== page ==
Anthems From Moroco, Kraftwerk’s Favorite Off-Hours Club – Telekom Electronic Beats

Anthems From Moroco, Kraftwerk’s Favorite Off-Hours Club

Cologne’s Club Moroco was a window into the many different styles of music that Germans were getting down to in the early ‘80s. The space was open between 1982 and 1986 in Hohenzollernring, and what distinguished both the club interior and its crowd was an overwhelming penchant for opulence. In contrast to the gritty post-punk counterculture that simultaneously rose in popularity throughout the country during this time, Club Moroco’s style was flamboyant, and the young people who partied there dressed up to display class, wealth and elite taste.

But aside from Moroco’s defining aesthetic, perhaps what most differentiated it from other clubs across Germany was its status as the preferred off-duty hangout for Kraftwerk. Carol Martin—who is credited as the CGI artist on their Computerwelt album—was one of the club’s resident DJs. Here, he guides us through Club Moroco’s signature sound and how it was connected to the epic Kraftwerk canon that ensued.

James Brown, “It’s Too Funky In Here” (Polydor 1979)

“Everyone from Kraftwerk to Miles Davis seemed to be inspired by James Brown. Bootsy Collins, whom Kraftwerk also cherished, started his career with Brown, and the song ‘Boing Boom Tschak’ is a tribute to Bootsy’s concrete bass.”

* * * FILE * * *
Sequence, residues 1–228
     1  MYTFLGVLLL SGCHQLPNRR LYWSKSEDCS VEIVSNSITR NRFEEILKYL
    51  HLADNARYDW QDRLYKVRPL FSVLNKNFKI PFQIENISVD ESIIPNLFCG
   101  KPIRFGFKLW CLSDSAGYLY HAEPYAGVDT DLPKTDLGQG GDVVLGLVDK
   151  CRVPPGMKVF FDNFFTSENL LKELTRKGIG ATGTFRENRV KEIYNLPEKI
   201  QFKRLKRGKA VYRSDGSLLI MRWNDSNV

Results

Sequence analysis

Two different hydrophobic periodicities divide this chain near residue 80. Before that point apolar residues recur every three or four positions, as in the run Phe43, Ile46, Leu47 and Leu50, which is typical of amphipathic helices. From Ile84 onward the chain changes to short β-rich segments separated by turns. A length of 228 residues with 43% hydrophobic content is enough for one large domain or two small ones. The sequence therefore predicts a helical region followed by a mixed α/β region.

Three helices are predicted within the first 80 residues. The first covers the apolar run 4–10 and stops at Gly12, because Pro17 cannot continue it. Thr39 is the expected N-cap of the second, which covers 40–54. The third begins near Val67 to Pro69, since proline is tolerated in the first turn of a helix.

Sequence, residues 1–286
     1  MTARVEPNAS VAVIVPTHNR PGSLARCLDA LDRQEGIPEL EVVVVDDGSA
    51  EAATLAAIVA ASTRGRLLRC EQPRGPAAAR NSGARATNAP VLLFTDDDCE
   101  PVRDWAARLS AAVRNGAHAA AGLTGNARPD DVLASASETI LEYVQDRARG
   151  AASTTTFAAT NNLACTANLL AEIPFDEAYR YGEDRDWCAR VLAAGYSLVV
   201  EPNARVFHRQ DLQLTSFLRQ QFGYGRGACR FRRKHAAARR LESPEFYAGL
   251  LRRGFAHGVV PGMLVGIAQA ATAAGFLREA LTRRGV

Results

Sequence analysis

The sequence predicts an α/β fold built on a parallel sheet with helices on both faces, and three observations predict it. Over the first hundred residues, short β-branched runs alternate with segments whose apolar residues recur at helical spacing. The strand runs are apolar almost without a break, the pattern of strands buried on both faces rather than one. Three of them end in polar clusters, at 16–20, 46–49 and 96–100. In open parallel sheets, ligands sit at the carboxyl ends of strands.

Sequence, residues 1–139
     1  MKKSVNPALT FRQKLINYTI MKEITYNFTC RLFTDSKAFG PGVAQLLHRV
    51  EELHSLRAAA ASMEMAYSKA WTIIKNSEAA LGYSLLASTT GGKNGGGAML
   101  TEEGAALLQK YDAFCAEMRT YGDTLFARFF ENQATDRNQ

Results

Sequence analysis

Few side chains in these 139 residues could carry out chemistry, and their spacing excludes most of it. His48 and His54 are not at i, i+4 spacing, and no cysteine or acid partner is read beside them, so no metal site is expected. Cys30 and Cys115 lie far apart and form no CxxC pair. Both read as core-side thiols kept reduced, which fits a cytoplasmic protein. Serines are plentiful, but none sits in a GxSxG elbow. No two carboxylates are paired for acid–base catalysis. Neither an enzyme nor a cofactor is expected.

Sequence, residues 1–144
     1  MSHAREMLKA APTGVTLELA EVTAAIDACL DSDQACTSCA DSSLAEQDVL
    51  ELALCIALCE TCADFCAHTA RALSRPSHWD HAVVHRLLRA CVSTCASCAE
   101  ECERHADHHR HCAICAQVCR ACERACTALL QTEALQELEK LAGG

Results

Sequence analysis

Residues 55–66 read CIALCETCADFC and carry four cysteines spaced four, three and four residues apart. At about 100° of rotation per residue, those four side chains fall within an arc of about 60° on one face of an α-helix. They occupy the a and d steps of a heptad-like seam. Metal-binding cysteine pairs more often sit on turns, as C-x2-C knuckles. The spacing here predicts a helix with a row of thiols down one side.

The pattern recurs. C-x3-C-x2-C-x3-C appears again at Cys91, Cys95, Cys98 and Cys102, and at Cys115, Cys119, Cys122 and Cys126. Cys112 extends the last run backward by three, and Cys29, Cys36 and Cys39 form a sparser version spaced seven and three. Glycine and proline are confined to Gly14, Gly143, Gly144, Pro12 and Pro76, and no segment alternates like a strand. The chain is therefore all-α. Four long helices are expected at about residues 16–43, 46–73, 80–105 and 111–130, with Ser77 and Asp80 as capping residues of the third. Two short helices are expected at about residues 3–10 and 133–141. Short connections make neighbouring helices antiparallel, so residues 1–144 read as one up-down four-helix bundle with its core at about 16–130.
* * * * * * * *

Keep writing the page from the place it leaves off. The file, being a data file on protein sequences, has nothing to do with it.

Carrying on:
Earth, Wind and Fire, “Fantasy” (CBS 1978)

“Funky, emotional and still wonderful to dance to. I went to see them with Kraftwerk by invitation of the concert promoter Fritz Rau at the Phillips-Halle in Düsseldorf. It was a magnificent show with perfect sound and effects, and halfway through the show, the band’s bass player was hanging 20 meters up in the air.”

The Gap Band, “I Don’t Believe You Want To Get Up And Dance (Oops, Up Side Your Head)” (Mercury 1979)

“Danceable songs were typical at Moroco, and hits like this one could be played any time. There was a nine-minute extended version of it that the DJ could play while he ‘washed his hands and powdered his nose.’ When he returned the floor was still packed.”

Zapp, “More Bounce To The Ounce” (Warner Bros 1980)

“Zapp and Roger were great. They were produced and mentored by George Clinton—as were the Red Hot Chili Peppers. ‘More Bounce To The Ounce’ is a tribute to Clinton’s P-Funk family.”

Fingerprintz, “Wet Job” (Virgin 1979)

“As a DJ at Moroco, you had to insert stylistic breaks like these in your sets to keep up the tension. It was difficult to schedule this ahead of time since you had to observe and direct the mood. You could mix ‘I’ve Seen This Face Before’ by Grace Jones with ‘Numbers’ by Kraftwerk, for example. It was a perfect match!”

Read more: 10 of Cologne’s most important musicians